The Most Expensive Number in Engineering

How to put a price on the limits of knowledge

By my estimation, a single number cost $1.5 billion on the Space Shuttle. Almost more amazing is what it represents and how it came to be. But for all its importance and intrigue, the number itself has an unassuming name -- the factor of safety.

Through engineering school and the start of my career, I didn’t think much of the factor of safety. The textbook definition is straightforward -- it’s the breaking force divided by the expected force. So if you were making a chair with a factor of safety of 2, you’d design it to withstand twice your weight. In other words, the factor of safety is how much of the structure’s strength is “kept in reserve to assure its safe performance.”1 

In day to day work as a mechanical engineer, that’s all you need to know. For example, if you’re designing an airplane wing, a loads engineer will tell you how much force the wing should experience and the FAA will tell you to use a factor of safety of 1.5. You can plug and chug and be good at your job.

But at some point, the safety factor started annoying me. As the joke goes, an engineer is someone who calculates to five decimal places, then multiplies by two. Why bother with all that detailed engineering work if we’re just going to slap a massive factor on it anyways?

For some perspective on just how big of a factor it is, at Virgin Galactic, I spent months and months working on the horizontal stabilizer for the re-engineered SpaceShip III and helped drop ~20% of its weight. That’s just one piece of the spaceship. By comparison, the factor for airplanes is 1.5. So they’re 50% stronger -- and I reasoned, 50% heavier -- than they need to be. And that one number applies to the whole vehicle. Why not just reduce the factor?

A quick aside here; it turns out that weight doesn’t have a 1:1 relationship with the factor of safety. According to a NASA paper, the relationship is closer to (1 / Factor of Safety)^ .604.2 If I also tell you that the factor of safety for spacecraft is 1.4,3 the weight of the Space Shuttle was 165,000 pounds, and that weight removal on the Shuttle was valued at $50,000/lb,4 you can see how I got to the $1.5 billion estimate in the first sentence.

To answer the original question -- why not just reduce the factor? -- I needed to learn why we use a factor in the first place. I knew vaguely that the factor of safety was meant to account for the differences between a theoretical airplane and a real one, but what exactly did it represent? Turns out that’s not an easy thing to answer. 

Safety factors started being formalized in the mid-1800s for bridge building, where factors as high as 6 were used to cover for the massive inconsistencies in the quality of early cast iron.5 So in its earliest definition, the safety factor was only intended to resolve the difference between a theoretical, flawless material and the imperfect reality.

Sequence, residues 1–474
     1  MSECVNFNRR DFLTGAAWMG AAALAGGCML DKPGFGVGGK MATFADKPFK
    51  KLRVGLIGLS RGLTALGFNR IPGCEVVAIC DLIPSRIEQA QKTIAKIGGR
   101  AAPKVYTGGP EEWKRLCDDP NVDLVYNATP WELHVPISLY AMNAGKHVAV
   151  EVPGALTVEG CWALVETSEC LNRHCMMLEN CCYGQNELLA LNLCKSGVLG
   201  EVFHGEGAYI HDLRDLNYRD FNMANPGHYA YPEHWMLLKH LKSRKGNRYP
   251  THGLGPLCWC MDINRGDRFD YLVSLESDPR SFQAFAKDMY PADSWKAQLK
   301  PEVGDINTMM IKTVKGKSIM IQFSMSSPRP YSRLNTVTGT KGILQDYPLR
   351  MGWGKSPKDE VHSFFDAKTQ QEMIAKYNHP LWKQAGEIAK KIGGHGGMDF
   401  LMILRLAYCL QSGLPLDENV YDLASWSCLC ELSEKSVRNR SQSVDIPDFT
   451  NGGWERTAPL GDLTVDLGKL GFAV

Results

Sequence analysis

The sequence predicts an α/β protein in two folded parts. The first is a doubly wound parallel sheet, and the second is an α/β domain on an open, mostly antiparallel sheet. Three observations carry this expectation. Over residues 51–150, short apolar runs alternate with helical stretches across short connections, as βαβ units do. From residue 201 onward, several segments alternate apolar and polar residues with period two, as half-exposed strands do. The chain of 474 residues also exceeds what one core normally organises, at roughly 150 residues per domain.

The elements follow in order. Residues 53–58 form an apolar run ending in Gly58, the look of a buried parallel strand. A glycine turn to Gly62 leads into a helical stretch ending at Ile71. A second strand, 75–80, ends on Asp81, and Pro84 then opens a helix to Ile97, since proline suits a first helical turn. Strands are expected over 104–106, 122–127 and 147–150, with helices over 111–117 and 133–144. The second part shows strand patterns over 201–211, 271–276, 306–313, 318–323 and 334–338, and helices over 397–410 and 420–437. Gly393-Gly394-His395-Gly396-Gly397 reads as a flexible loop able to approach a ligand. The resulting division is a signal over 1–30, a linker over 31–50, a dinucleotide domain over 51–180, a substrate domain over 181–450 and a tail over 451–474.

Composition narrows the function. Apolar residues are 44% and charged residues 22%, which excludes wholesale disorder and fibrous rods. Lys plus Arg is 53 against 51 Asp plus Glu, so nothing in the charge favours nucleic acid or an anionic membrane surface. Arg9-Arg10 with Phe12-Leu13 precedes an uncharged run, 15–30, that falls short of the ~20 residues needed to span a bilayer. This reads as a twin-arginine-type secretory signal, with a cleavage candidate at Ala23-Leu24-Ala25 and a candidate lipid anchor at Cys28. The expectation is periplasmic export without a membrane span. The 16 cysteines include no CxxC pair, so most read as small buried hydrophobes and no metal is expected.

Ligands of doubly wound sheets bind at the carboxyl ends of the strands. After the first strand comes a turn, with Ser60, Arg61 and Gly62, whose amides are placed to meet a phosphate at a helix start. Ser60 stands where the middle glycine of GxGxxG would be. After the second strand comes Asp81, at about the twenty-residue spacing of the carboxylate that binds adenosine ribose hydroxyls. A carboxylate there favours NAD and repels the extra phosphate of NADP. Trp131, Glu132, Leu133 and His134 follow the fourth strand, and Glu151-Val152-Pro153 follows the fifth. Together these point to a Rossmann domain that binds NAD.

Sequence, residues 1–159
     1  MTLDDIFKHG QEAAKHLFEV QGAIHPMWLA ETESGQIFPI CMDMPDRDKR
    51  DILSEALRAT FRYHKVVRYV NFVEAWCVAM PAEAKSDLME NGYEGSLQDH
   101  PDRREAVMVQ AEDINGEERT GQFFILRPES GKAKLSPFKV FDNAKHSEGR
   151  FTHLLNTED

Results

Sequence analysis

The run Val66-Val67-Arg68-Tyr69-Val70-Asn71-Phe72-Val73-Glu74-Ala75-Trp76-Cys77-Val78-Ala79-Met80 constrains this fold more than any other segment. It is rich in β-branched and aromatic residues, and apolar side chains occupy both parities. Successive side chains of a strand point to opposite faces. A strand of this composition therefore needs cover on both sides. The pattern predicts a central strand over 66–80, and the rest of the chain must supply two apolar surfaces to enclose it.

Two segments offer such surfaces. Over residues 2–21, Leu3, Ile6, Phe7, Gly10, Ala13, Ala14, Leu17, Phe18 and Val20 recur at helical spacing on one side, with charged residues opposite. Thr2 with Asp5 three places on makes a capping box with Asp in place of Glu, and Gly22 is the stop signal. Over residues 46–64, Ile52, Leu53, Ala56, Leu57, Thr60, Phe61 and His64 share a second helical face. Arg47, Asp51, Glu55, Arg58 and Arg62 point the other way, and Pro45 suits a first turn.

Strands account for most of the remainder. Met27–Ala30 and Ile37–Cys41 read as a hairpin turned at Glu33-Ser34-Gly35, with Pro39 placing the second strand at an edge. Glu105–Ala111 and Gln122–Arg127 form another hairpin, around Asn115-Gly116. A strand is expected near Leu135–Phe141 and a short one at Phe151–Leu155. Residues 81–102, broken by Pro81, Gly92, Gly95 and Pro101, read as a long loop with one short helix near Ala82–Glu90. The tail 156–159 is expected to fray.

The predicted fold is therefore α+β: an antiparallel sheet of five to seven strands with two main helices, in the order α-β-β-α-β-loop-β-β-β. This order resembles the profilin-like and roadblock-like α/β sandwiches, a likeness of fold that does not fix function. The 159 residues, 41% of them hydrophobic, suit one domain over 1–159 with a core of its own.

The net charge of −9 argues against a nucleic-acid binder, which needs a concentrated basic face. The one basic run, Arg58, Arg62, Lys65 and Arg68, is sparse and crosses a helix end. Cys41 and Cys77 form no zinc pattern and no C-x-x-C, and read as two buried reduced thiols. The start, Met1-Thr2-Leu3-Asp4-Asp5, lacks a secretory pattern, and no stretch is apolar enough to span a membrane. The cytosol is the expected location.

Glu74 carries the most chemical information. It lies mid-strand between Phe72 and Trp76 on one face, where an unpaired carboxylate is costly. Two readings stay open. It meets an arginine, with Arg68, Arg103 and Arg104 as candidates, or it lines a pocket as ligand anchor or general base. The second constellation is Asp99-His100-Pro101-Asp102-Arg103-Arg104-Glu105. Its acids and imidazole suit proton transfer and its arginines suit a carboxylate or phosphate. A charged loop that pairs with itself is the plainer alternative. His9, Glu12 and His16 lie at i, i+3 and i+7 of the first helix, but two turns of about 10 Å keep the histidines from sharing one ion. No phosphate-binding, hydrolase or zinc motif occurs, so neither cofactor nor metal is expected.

Over time, the definition changed to its modern iteration, which has expanded to cover:

  1. Higher loads than those foreseen,

  2. Worse properties of the material than foreseen, [like the 1800s cast iron]

  3. Imperfect theory of the failure mechanism in question,

  4. Possibly unknown failure mechanisms, and

  5. Human error (e.g., in design)6

The definition of the factor of safety has changed in the last 150 years. I suppose that’s not too surprising. 

But what is strange is that modern literature can’t seem to agree on the definition. For example, a NASA document is explicit in saying that a factor of safety only covers #1 and manufacturing tolerances and does not cover #2 - #5.7

How is it possible that this number that costs billions of dollars doesn’t have a clear and universally accepted definition? That’s nuts! And which definition should we trust? 

Broadly, we can split up the possible pieces of the safety factor into: (1) simplifications and (2) unknowables. 

Simplifications could include manufacturing tolerances (you’ll never make something exactly as designed) or our ability to model an aircraft perfectly. Every model is a reduction of reality; unless you can model every atom, you have to make some simplifications. Unknowables could include a freak storm that loads the aircraft is some unexpected way or a pilot making a series of unpredictable decisions. 

Now consider that NASA’s safety factors for spacecraft didn’t change between 1996 and 2014 and that the 1.5 factor for aircraft has been around since the 1930s.8 That means that if simplifications are a part of the factor of safety, our ability to model and predict reality also hasn’t changed (improved) and our engineering knowledge has stagnated. 

I’m pretty sure that’s not true. At the very least, the models of reality have gotten more complex since 1930, especially with computer-based models. So the tentative hypothesis is that the safety factor only covers unknowables and the possibility for a freak accident is just the same as it ever was.